A poor man's perk?

Legally speaking, sometimes it pays to be poor hence the law may not necessarily - or always - a rich man’s puppet, as some would postulate.

Kobe Bryant, the LA Lakers superstar was recently fined $100,000 for uttering a gay slur, on camera, to one of the officials  during the game. It’s one of those festering mishaps so the aftereffects may invade other aspects of Bryant’s life and career - or very likely nooooot.

But let me put the incident in some context and perspective that may illuminate an issue or two, or at least get our brain neurons bumping and banging.

I am guessing that the ginormous fine - by my standards as a poor man - has been assessed based on Bryant’s celebrity status (hence his prominence and influence in the community), his membership in a professional organization (NBA), and on his monetary worth as well. The fine, by Bryant’s standards - and by most US professional athletes’ - is minuscule. It is a small drop in his multimillionaire bucket.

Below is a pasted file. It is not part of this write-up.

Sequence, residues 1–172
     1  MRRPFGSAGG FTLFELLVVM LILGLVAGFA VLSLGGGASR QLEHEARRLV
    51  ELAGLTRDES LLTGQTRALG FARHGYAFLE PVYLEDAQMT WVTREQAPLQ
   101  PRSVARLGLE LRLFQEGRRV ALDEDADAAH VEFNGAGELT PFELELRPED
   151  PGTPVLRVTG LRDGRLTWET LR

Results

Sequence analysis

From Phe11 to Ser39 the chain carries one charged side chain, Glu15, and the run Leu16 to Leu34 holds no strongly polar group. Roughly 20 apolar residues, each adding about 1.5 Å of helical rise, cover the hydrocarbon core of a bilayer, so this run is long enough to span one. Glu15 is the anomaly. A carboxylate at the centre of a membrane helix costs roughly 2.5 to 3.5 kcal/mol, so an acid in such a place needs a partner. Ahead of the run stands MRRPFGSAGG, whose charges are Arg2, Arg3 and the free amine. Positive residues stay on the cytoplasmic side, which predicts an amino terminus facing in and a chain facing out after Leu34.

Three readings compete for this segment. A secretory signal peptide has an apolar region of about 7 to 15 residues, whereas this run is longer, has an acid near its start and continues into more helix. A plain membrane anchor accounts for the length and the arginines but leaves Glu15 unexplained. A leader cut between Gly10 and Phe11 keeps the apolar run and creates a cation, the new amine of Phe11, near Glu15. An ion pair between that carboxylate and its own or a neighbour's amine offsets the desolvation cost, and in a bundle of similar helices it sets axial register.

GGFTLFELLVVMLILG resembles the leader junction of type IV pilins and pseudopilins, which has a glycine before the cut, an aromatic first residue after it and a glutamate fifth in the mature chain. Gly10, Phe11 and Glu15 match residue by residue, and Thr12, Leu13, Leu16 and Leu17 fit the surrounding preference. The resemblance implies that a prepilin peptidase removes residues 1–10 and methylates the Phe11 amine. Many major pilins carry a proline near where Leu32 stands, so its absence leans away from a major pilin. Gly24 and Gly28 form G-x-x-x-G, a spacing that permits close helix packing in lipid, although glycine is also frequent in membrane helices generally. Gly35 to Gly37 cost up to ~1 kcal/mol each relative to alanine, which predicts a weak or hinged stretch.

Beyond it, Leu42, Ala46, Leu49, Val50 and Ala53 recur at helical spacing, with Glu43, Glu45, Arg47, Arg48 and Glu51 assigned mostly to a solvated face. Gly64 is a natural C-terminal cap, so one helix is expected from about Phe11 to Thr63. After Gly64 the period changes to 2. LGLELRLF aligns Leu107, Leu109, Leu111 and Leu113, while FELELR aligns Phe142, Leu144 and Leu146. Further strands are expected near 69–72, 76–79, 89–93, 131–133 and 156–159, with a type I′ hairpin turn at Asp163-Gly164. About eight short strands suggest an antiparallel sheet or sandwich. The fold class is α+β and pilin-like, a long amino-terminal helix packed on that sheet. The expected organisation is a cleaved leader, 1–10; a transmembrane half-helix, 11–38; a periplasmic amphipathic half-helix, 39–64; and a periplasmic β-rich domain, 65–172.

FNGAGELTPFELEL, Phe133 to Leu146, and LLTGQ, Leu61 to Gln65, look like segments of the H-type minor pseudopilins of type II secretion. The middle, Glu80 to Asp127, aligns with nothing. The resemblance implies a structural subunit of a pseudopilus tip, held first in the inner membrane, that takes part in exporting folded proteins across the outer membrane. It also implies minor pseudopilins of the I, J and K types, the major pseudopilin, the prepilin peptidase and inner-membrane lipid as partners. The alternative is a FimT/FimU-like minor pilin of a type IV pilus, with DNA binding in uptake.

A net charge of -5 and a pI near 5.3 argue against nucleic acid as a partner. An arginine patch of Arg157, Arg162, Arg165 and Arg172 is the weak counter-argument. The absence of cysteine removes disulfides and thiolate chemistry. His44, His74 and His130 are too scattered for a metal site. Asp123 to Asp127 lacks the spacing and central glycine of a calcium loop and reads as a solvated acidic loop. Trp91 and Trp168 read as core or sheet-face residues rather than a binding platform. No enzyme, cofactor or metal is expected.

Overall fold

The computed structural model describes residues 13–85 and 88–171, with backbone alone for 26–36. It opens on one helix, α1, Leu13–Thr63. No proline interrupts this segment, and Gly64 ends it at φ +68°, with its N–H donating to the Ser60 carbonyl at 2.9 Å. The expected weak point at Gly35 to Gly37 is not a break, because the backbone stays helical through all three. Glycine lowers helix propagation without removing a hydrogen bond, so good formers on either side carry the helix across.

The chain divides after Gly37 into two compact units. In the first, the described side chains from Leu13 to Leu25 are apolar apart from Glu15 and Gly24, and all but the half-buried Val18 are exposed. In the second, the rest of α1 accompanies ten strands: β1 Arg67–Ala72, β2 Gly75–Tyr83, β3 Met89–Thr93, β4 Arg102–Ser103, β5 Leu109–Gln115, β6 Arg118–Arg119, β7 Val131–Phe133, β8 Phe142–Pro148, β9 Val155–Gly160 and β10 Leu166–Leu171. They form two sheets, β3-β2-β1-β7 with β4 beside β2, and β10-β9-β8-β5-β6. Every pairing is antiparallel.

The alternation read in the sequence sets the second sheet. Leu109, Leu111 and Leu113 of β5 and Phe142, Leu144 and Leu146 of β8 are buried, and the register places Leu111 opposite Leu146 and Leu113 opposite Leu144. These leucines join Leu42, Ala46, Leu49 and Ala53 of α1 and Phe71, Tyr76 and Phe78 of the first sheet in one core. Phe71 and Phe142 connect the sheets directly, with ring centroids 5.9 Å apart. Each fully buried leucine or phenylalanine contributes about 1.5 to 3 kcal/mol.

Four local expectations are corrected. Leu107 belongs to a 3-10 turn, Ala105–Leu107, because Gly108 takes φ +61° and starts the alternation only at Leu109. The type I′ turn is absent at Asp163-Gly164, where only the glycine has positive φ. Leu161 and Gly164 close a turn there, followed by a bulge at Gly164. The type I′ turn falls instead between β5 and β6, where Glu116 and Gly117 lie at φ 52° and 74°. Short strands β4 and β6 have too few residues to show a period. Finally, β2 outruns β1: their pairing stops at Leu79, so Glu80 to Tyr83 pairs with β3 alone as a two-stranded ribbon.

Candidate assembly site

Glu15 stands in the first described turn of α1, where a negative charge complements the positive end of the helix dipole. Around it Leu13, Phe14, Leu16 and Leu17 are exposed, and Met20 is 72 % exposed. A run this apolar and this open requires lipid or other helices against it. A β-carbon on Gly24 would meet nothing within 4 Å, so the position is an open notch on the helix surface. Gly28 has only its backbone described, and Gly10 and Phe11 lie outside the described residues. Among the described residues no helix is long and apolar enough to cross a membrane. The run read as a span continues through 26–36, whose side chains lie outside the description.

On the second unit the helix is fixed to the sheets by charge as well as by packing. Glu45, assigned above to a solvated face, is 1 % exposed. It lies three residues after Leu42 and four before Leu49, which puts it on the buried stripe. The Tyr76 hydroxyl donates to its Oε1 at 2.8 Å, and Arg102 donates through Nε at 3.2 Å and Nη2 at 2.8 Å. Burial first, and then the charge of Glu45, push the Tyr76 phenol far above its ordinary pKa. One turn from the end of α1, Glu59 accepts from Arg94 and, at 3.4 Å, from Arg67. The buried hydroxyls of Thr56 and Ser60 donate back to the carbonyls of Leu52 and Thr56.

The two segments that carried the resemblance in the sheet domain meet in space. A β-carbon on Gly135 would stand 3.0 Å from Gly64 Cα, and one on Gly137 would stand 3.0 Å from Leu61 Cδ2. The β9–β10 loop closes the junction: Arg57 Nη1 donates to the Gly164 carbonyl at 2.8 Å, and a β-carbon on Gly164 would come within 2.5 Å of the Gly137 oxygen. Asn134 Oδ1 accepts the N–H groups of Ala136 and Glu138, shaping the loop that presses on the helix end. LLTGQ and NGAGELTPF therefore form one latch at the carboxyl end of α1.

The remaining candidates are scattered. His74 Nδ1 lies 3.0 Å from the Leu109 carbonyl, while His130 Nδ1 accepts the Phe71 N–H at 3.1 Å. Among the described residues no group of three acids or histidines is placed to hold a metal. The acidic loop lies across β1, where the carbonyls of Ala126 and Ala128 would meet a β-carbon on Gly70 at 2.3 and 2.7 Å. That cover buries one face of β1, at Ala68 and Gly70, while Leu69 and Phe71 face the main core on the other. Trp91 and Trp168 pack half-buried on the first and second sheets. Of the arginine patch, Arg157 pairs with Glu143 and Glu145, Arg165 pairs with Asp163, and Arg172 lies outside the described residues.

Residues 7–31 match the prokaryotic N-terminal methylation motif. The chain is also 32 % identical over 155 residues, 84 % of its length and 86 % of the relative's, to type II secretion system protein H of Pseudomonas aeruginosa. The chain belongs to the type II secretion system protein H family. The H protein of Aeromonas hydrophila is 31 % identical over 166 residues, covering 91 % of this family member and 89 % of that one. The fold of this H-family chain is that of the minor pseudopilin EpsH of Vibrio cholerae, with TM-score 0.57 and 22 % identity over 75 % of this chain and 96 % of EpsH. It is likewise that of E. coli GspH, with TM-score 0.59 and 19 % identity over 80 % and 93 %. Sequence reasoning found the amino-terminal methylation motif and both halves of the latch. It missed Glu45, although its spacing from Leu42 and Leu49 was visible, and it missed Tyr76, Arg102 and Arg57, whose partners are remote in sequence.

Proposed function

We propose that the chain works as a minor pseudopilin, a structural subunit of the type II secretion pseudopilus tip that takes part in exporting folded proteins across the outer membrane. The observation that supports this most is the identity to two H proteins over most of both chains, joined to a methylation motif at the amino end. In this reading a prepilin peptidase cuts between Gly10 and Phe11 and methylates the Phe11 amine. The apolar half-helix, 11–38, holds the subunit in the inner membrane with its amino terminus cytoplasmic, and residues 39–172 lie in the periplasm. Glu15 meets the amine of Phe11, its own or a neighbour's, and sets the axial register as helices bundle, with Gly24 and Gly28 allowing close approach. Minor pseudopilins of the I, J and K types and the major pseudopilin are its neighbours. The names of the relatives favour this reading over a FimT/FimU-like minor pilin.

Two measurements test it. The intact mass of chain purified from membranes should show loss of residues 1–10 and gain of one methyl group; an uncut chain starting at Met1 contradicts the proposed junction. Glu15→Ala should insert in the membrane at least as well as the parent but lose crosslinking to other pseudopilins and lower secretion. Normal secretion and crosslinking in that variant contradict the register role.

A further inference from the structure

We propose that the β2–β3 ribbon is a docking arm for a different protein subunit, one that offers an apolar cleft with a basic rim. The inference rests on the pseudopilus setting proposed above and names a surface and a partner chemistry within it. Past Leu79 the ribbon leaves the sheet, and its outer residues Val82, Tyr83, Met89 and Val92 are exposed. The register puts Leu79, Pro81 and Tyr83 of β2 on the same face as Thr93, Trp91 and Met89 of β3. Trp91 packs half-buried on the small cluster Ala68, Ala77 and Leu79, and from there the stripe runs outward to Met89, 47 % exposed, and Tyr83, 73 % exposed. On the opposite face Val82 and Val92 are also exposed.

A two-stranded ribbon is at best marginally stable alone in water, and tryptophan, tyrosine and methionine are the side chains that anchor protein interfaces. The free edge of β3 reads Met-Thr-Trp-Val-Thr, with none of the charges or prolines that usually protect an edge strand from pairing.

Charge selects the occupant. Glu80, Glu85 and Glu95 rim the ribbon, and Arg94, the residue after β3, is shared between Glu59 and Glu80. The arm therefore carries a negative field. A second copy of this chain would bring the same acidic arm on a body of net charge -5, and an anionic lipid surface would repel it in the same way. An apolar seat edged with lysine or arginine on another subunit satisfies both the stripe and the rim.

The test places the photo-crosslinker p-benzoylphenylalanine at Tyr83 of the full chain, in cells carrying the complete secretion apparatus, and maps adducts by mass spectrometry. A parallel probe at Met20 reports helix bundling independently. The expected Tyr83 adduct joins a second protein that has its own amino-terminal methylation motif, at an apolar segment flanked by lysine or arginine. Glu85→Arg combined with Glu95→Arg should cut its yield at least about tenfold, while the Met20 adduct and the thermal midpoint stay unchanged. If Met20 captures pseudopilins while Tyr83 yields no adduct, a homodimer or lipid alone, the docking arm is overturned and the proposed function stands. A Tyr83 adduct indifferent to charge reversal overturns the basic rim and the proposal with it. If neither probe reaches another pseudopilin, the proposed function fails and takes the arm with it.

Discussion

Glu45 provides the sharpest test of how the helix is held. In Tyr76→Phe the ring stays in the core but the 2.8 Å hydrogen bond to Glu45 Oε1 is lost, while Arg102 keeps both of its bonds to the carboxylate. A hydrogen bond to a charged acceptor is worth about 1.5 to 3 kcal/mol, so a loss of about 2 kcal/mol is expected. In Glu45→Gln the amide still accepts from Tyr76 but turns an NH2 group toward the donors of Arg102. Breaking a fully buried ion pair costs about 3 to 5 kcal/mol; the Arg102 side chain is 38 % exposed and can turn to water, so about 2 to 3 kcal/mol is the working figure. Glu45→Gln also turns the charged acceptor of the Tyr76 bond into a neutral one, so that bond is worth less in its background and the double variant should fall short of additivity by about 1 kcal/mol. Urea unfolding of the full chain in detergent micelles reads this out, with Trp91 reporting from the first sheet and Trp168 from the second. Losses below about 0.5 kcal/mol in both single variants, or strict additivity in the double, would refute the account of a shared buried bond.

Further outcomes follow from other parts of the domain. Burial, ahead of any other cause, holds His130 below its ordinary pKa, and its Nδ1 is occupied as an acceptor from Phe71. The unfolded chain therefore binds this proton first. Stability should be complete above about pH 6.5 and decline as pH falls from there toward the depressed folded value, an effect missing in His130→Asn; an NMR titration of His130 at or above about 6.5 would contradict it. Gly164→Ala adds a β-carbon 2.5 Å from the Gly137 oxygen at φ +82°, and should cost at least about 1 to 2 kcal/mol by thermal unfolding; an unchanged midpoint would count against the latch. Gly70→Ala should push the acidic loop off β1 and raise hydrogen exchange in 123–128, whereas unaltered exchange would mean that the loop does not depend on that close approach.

The perennial lesson, however, is that the basic freedoms that we often preach tout and flaunt as democratic fanatics, have limits. Freedom of speech therefore does not mean you can say anything you want to say and get away with it - OR does it?

Comparatively, Bryant’s mishap means if I - being poor and unknown - say the same slur to someone and caught on a TV or phone camera and even ended up on Youtube, I doubt that I would be fined a hundred grand - if at all. Moreover, if Bryant’s fine is any measure of a broadly applied legal principle and scale, then I guess I would be proportionately fined; and that would be equivalent to a penny or .000001% of a penny based on my monetary worth. Not bad. I can certainly afford that. LOL!

So in other words, if you’re a celebrity - super rich and famous - be careful what you say especially denigrating another person. Conversely, if you’re poor and obscure you may be a bit “freer” to express yourself, even if with malicious intent. Now, under hate speech laws in some places, you may still be found guilty and pay a fine, but surely not $100,000.

And despite the apparent disparity - at least in monetary terms - there’s still some equity in all of this somewhere. For example, if $100,000 for Bryant is minuscule, so is a penny for the poor man. Either that or the huge fine comes as a price of being rich and famous - something along the lines of “where much is given much is required”.

And so who said that the rich - in terms of being favored by the law - have it their way or given more leeway? On the other hand, who wants to be poor?

Okay, make up your mind now. LOL!

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